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IEOOC prepped for 2020 foodservice opportunities

chefchef Counting the days until 2020 onion harvest and shipping season kick off in the Treasure Valley, most Idaho-E. Oregon onion industry members have made good use of the “time off” this summer to enhance their programs and bolster customer relationships in foodservice.

Traditionally, late July has also brought the PMA Foodservice Conference and Expo in Monterey, CA, and the Idaho-E. Oregon Onion Committee and Southwind Farms have for many years sponsored a VIP Brunch. Herb Haun, chair of the Oregon Onion Committee’s promotion committee, said, “We’ve always looked forward to PMA Foodservice Conference, which is an excellent venue, is very well attended and allows us to connect with our customers.”

Haun said in early July the Association’s response to COVID-19 by switching to a virtual event has brought out the creativity of everyone this year. “We appreciate PMA getting ahead of what otherwise might have been a more difficult situation. They’ve worked hard to provide a virtual space for us all to connect, and we will support PMA as in the past and look forward to a live event in 2021,” he said.

At the same time PMA industry members were developing their presentations for PMA Foodservice DELIVERED online, in the Treasure Valley famed Spanish Sweets planted earlier in the spring were sizing under very good growing conditions. Area shippers were performing regular maintenance and/or installing new technology in the sheds, and the Idaho-E. Oregon Onion Committee/USA Onions was working behind the scenes to create a fresh, new look both digitally and in print.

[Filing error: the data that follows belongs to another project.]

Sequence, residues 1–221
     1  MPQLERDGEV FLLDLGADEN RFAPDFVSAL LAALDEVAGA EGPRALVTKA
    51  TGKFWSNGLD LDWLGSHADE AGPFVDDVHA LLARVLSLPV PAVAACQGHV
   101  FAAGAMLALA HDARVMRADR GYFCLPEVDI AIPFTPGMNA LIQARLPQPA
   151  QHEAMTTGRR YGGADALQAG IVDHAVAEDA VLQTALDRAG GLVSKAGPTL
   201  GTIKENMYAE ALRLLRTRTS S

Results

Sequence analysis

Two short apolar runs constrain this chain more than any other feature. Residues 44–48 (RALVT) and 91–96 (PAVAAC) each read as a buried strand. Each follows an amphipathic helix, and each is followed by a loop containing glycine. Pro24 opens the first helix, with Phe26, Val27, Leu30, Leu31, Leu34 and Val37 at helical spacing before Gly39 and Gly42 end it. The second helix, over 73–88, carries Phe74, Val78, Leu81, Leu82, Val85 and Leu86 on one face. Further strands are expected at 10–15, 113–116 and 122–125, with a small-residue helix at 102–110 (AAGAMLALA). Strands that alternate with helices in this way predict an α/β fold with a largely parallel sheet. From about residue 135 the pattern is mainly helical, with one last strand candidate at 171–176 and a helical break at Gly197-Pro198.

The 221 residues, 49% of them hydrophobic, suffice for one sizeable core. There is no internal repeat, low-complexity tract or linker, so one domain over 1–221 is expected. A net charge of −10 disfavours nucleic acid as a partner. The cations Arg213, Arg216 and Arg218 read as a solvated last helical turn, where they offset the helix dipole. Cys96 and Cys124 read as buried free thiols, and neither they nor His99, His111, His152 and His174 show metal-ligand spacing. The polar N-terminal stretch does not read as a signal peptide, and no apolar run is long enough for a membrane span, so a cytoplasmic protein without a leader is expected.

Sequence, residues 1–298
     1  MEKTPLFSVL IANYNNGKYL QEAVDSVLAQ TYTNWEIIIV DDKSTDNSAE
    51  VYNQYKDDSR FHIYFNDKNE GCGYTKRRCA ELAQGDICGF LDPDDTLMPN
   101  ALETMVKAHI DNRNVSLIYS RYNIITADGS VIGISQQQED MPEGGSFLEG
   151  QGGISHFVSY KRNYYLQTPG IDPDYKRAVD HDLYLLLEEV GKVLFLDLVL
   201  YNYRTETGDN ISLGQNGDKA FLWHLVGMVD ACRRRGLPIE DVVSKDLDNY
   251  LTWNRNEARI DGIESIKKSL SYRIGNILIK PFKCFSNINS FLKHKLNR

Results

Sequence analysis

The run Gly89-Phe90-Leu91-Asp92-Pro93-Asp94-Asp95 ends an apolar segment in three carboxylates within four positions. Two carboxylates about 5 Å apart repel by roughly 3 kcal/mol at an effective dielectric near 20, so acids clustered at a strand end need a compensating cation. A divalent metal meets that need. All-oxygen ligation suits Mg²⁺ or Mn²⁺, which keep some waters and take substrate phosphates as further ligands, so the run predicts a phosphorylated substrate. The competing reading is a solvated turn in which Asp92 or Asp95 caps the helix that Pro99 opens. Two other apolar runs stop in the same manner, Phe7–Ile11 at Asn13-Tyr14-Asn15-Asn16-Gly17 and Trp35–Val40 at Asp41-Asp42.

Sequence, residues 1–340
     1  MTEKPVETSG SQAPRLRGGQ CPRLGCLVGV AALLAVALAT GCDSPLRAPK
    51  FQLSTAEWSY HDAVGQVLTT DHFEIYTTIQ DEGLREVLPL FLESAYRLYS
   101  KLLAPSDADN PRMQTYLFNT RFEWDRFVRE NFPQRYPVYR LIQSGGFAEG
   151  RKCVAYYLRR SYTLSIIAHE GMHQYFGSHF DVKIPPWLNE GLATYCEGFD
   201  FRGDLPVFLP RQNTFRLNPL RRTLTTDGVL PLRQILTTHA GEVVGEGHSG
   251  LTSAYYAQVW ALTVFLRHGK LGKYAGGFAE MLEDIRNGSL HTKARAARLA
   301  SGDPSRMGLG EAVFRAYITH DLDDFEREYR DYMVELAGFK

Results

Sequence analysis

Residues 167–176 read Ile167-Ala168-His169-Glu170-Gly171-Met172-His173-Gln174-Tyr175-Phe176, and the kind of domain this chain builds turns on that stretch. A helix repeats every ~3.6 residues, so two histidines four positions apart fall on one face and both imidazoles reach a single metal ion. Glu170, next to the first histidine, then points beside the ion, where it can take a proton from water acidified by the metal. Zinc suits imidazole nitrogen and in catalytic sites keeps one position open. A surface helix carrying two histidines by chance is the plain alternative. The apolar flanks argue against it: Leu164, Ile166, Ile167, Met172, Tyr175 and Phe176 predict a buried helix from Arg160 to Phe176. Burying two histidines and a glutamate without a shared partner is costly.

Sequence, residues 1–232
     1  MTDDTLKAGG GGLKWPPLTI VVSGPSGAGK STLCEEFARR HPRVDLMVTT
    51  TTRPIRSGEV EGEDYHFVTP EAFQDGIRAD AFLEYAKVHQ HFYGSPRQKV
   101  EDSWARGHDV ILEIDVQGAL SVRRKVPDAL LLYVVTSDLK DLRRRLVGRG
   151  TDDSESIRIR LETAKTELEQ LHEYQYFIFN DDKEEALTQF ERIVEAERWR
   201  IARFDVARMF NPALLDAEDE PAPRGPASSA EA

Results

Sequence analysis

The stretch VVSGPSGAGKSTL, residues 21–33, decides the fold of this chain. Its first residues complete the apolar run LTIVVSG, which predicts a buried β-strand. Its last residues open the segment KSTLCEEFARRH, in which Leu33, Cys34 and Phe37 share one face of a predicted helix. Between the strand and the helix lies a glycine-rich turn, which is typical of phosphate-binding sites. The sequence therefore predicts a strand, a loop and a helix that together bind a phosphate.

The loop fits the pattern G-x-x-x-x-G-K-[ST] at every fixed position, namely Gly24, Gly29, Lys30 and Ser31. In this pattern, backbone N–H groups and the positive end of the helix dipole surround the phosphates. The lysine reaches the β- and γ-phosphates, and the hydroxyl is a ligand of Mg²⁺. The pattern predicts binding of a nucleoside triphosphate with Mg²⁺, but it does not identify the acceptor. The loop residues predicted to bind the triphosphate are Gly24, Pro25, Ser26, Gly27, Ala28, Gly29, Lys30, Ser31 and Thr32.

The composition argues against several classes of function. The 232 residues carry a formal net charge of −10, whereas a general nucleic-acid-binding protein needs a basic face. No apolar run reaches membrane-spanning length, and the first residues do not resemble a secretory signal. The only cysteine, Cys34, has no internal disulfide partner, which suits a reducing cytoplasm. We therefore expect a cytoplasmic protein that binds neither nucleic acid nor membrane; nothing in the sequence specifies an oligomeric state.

Regarding the crop, Haun, who is part of the team at Haun Packing in Weiser, ID, said earlier in the summer that the onions were very healthy, and the Treasure Valley had seen “really good weather so far.” He noted at the time that water didn’t appear to be an issue. Acreage, he said, could be down slightly from 2019, but all indications were for a good season and yields.

Producing more storage onions than any other region in the nation, the Treasure Valley’s growers produce more storage onions than any other growing region in the nation on some 21,000 acres, growing yellows, whites and reds that trend to jumbo, colossal and super colossal preferred by foodservice. The average annual harvest is 24,000-plus carlots, and the shipping season generally from early August into March/April, although some sheds go longer.

This spring, shippers have responded to changes caused by COVID-19 by adjusting for different markets and also working with foodservice providers that were themselves adapting with take-out or other means of serving their customers.

And in June and July, as restaurant dining-in began to open up, Haun said onions were still prominent on menus. “There’s reason for optimism,” he said of the new season.

For its 2020 promotion program, USA Onions has upped its game this year, freshening the website for easier navigation and access to the shippers list.

The site also features great downloadable recipes developed for both foodservice and retail consumers as well downloadable point-of-sale materials and a full photo gallery.

The Committee’s newsletter, The Bulb, will publish six times in 2020 rather than quarterly, and it will also be available digitally. Sign-up for the free print and/or e-newsletter can be done on the website.

Haun said, “Because of the characteristics of our onions, we’ve always viewed foodservice as our lifeblood, and we continue to work on ways to help foodservice with opportunities and support.”

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